As you will by now have gathered, if your callsign isn't in an incoming message, nothing will print. In the same way, unless you preface each transmission in FSQCALL mode with a direction (target callsign) or allcall (a generalized callsign for all stations), nobody will see what you've sent.

FSQCALL acts like a smart squelch. It opens the receiver for printing (and other actions) when your callsign is received, and closes again when the actual receiver squelch closes (when the other station stops transmitting).

The Squelch is also 'fade-proof', using a smart delay squelch design to ride through fades that might otherwise close the Selcall.

Because the squelch also locks-out transmission, just as in FSQ, stations generally do not transmit over other stations, or reply until the other station has finished transmitting. Various randomized delays are also added before automatic replies, in order to manage the priority of messages on the channel and minimize clashes. This protocol is called Carrier Sense Multiple Access (CSMA). Manually typed messages have the highest priority, automatic responses have medium priority, and sounding messages the lowest.

Detailed descriptions of the FSQCALL Syntax and FSQCALL Rules are also listed on the program Options Pane Syntax and Rules tabs.

Error Checking

Using a full error correction system would add unacceptable delay and markedly reduce throughput, spoiling what is a remarkably slick design. Since FSQ is generally robust, an error correction system for FSQCALL is considered unnecessary.

In order to ensure accuracy of station reports, network logs and message replies, a simple error check mechanism is used on the message preamble. The preamble of every sentence is protected by a checksum, an 8-bit Cyclic Redundancy Check. The CRC forms the two mysterious letters/numbers which follow the colon in every FSQCALL header. If this header is not correct, the message will be ignored, for several reasons:

  1. Unless the preamble is correct, the software won't know who to send automatic replies to!
  2. If the preamble is incorrect, the message may have errors, and you may be sure who it's from, in order to ask for a repeat.
  3. This callsign verification approach eliminates the risk of spurious callsigns appearing in Heard Lists and logs.
Each message is also of course checked for the correct destination callsign (your callsign), and if that's not present, or received incorrectly, the message is ignored. It's also ignored if your callsign is not immediately followed by a permitted trigger character. These are the command characters used to tell the receiver what to do. Here are the main trigger characters: ? * ! ; # % + @ & $ < and >, plus space. (There are also a few rarely used ones that you don't need to remember).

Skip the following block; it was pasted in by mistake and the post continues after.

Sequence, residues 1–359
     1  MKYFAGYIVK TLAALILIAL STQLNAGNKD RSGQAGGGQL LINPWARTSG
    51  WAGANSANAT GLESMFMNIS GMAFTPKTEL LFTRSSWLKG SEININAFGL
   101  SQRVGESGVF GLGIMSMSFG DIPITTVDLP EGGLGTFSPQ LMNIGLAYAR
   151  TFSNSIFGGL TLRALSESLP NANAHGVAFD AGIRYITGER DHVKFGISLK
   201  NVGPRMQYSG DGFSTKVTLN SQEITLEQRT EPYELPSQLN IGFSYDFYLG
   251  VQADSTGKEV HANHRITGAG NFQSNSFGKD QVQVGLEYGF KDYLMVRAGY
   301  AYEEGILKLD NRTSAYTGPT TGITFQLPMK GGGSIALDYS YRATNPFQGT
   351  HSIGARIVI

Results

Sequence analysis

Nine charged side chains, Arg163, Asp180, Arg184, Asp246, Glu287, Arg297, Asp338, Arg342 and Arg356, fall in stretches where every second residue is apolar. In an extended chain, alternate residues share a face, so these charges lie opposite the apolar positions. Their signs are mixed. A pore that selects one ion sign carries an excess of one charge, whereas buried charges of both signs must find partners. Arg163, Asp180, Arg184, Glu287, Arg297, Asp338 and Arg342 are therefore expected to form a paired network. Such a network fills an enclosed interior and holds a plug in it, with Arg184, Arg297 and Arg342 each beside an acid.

? * ! ; # % + @ & $ < and > plus space

Quite simply, if you don't get an expected reply to your command or message, you just send it again. Messages that don't have an automatic reply (the only one is the 'chat' sentence, callsign followed by space) are best used only when the other station is attended, otherwise you've no way of knowing if it was received. If it wasn't received, and the station is attended, the other station operator will probably send "agn?".

The program has a 'Monitor Pane' as one of the Options Panes, and you can always keep an eye on that to see if there was anything you might have missed. This is especially useful if for some reason the squelch closes early (typically caused by a fade), the station operator does not format the message correctly, or some station is calling you, but doesn't have your callsign the same as you've set it.

FSQCALL Command Summary

This is a very brief summary. For full syntax, see the Syntax tab within the program.
callsign message            Enables print of message at station callsign
callsign?                   Returns signal report from station callsign
callsign*                   Sets FSQCALL ACTIVE at station callsign if it was in SLEEP
callsign!message            Station callsign retransmits message
callsign~message            Station callsign retransmits message after a delay
callsign;dest_call message  Station callsign relays message to dest_call with reponse relayed back
callsign#[nnn]message       Station callsign stores message as or appended to nnn.txt
callsign% format            Station callsign receives an image in format, either 'S' (small), 'L' (large) or 'F' (fax)
callsign+[nnn]              Reads file nnn.txt from station callsign
callsign@                   Returns QTH message from station callsign